NYC District Attorney Drops More Than 300 Convictions Tied To Corrupt Officers Dating Back Nearly 30 Years

NYC District Attorney Drops More Than 300 Convictions Tied To Corrupt Officers Dating Back Nearly 30 Years

With all the complaints over the years, specifically from communities of color, about police corruption, Manhattan District Attorney Alvin Bragg has dropped over 300 convictions.

According to The Associated Press, Bragg dismissed 308 convictions that were tied to police officers who were found guilty of crimes that they committed. This was the latest round of over 1,000 dismissals citywide connected to police officers who were either charged or convicted.

“We cannot stand by convictions that are built on cases brought by members of law enforcement who have violated the law,” Bragg stated.

Bragg is the prosecuting attorney who convinced a Manhattan grand jury to indict former President Donald Trump, making him the first former president of the United States to face criminal charges. Trump was indicted for allegedly providing hush money paid to porn star Stormy Daniels.

Some of the latest abandoned convictions, mostly misdemeanors, date back to 1996. The dismissals come after some of the former police officers involved were convicted of on-the-job offenses, including bribery, illegally selling guns, lying under oath, and planting drugs on suspects.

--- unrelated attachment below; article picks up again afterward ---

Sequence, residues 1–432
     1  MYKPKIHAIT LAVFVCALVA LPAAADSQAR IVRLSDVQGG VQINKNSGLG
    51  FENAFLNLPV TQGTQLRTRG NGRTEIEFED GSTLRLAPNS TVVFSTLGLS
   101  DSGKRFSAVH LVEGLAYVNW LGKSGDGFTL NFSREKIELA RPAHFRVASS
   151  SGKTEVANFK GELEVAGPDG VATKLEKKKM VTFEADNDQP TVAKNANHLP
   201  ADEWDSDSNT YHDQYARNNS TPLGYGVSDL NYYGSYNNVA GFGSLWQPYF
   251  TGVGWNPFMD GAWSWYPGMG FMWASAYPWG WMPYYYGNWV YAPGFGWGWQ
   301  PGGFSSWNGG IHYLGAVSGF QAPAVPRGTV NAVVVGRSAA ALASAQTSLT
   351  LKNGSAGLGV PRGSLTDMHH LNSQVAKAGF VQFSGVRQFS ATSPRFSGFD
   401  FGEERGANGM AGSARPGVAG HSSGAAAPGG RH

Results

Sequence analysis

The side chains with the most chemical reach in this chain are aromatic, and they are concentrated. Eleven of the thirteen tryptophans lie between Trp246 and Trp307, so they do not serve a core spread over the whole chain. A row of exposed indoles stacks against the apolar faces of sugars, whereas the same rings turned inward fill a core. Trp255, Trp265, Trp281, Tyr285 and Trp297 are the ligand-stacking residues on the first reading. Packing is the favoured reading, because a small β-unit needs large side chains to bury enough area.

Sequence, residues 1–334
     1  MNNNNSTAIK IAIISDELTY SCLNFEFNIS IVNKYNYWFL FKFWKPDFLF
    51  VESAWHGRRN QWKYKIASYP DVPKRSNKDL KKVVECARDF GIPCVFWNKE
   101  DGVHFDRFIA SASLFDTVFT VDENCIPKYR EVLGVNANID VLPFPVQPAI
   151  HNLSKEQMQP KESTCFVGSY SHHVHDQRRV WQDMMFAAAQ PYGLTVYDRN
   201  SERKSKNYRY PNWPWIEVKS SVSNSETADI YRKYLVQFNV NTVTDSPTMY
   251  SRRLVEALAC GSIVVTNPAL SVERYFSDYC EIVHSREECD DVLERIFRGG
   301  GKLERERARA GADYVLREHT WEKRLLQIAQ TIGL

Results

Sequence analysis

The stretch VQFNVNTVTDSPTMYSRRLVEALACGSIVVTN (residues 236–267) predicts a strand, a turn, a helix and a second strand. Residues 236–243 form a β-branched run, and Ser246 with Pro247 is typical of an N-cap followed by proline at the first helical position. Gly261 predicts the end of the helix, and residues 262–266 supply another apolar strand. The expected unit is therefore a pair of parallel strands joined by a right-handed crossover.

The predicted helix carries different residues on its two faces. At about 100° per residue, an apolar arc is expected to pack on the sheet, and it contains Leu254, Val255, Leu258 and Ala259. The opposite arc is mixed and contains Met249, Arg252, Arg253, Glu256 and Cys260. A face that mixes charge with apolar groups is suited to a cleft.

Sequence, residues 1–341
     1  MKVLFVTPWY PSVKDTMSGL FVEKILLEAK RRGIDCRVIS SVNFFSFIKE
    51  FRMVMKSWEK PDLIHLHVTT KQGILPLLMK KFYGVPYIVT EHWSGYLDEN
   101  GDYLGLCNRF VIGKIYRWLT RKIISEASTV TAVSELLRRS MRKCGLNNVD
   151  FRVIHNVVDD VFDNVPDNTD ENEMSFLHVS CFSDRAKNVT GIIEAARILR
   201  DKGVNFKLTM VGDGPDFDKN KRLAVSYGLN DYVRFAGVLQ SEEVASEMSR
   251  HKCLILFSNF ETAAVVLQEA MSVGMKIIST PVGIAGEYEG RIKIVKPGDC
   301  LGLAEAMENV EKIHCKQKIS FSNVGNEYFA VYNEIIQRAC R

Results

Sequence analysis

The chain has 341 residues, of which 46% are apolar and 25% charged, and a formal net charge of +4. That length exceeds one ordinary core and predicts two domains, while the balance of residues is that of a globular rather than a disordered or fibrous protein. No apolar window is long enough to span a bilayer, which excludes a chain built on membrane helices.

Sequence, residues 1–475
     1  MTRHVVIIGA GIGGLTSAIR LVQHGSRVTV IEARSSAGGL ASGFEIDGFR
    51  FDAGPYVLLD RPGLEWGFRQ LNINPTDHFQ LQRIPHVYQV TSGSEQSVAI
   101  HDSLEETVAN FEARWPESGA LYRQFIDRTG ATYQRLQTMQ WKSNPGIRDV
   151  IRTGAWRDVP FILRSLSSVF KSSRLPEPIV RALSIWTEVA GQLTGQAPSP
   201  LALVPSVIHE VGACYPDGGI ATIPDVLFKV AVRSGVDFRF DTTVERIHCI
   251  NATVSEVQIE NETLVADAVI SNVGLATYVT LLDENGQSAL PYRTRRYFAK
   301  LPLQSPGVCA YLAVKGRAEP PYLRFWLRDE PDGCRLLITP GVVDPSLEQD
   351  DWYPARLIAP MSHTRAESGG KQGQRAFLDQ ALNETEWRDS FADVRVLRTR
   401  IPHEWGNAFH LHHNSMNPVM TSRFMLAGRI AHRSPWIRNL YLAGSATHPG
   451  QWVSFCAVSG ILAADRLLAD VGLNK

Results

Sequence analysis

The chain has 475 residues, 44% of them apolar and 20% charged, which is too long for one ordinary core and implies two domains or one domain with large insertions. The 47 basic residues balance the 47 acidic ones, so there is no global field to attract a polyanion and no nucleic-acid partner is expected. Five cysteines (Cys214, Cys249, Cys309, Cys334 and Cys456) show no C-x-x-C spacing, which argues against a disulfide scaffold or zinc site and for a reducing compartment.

Elizabeth Felber of the Legal Aid Society was happy about the dismissals and made a statement about treating convicted police officers in the same vein as the people they arrest.

“The same lens used on our clients charged with criminal conduct must be applied to those in law enforcement,” Felber said in a written statement.

After obtaining an indictment of the former president, Bragg sued Republican U.S. Representative Jim Jordan because the politician started a “campaign of intimidation.” Jordan wanted Bragg to appear before Congress to explain why Trump was indicted. Bragg stated that the subpoena sent to him was an unconstitutional “incursion” into a state criminal case. He alleges that Jordan commissioned the subpoena as payback for making Trump the first former president to be indicted.